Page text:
Association between duration of peripheral facial palsy, severity, and age of the patient, and psychological distress

Published:April 18, 2021DOI:



      Peripheral facial palsy (PFP) (paralysis) can be a devastating condition that has been shown to have associations with increased depression and worse quality of life. The aim of the present study is to better understand the complex association of psychological distress with the duration, severity, and age of patients with PFP. We hypothesize that a shorter duration of PFP is associated with higher levels of psychological distress.


      Fifty-nine patients with PFP that existed longer than 3 months were included in this study. The Hospital Anxiety and Depression Scale (HADS) was used to assess the presence and severity of anxiety and depressions. Spearman's correlation analysis was used to determine correlation between psychological distress, duration, severity of the PFP, and age.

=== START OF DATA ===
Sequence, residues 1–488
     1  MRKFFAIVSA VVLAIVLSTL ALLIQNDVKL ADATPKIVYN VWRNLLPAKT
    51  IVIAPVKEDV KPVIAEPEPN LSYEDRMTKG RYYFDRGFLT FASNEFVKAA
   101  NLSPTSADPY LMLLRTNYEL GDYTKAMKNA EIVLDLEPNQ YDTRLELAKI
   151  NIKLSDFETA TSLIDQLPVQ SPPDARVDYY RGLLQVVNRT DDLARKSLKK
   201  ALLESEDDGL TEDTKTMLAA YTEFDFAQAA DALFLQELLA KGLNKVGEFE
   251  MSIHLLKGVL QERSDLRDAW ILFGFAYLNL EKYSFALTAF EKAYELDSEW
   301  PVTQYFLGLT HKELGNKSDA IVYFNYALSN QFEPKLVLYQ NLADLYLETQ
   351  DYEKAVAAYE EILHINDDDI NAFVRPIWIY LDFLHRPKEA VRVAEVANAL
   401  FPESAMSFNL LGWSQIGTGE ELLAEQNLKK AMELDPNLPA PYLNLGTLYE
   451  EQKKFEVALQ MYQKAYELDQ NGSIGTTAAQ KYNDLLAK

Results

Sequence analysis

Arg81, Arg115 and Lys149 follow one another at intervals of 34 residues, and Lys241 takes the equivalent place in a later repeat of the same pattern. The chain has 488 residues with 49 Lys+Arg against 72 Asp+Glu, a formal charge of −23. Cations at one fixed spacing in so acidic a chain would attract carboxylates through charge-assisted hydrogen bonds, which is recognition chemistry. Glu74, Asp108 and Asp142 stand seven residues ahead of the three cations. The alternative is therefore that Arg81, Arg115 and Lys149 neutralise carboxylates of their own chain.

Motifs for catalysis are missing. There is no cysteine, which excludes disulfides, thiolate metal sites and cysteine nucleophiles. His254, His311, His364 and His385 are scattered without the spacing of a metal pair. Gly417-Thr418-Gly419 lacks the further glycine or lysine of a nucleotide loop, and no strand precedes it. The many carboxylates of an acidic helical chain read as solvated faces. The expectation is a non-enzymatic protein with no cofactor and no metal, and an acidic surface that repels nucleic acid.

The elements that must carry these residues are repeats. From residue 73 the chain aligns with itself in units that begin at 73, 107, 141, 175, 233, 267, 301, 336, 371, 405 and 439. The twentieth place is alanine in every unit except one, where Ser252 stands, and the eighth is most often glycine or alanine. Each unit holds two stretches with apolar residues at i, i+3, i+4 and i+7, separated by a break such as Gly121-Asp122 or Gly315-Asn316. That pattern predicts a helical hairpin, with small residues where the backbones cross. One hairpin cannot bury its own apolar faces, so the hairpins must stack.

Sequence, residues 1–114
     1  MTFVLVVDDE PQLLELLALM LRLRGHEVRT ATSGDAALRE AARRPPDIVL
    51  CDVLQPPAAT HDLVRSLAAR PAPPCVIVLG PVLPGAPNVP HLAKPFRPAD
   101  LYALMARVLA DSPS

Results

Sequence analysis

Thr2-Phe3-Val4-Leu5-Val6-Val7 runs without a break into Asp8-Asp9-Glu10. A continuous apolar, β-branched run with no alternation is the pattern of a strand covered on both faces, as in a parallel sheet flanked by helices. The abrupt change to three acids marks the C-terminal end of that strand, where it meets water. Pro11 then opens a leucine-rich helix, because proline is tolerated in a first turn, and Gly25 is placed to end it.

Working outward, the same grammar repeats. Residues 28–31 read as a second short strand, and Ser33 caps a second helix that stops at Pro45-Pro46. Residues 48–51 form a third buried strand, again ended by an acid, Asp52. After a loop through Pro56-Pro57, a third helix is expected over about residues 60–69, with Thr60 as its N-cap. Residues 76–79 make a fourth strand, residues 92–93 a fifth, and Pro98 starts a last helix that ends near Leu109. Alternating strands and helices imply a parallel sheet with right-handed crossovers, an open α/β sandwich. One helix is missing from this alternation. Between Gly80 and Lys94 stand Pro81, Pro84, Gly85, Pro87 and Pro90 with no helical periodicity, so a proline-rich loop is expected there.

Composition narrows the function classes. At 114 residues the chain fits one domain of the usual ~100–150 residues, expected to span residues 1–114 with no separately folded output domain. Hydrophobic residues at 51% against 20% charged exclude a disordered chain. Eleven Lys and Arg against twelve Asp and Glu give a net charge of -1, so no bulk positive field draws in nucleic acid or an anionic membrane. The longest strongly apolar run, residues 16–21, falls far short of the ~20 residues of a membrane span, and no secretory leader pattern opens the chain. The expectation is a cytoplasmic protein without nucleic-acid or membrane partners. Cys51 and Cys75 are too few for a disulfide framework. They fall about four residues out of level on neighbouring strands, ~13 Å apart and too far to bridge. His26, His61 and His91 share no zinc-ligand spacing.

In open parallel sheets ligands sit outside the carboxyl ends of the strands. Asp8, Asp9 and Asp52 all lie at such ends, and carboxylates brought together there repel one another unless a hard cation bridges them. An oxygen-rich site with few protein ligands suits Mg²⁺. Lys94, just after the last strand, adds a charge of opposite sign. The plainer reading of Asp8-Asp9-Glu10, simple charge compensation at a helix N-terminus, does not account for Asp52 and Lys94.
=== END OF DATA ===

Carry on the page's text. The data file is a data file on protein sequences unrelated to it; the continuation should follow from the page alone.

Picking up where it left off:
Fifty-nine patients were included in this study, of whom 22 were male and 37 were female. The mean age was 55.6 ± 14.6 years and mean duration of PFP from onset ranged from 3 months to 35 years (with a mean duration of 5.39 ± 6.06 years). Twenty-eight patients had left-sided PFP, 30 patients had right-sided PFP, and one patient had bilateral PFP. The majority were caused by Bell's palsy (50.8%). In the group with a duration less than 5 years, there were five (12.8%) patients having a score between 11 and 15 (on HADS) compared to two (10%) patients in the group with a duration of 5 years or more(p = 0.04).


      There seems to be an association between moderate depression and duration of the PFP. Further studies need to substantiate our findings.


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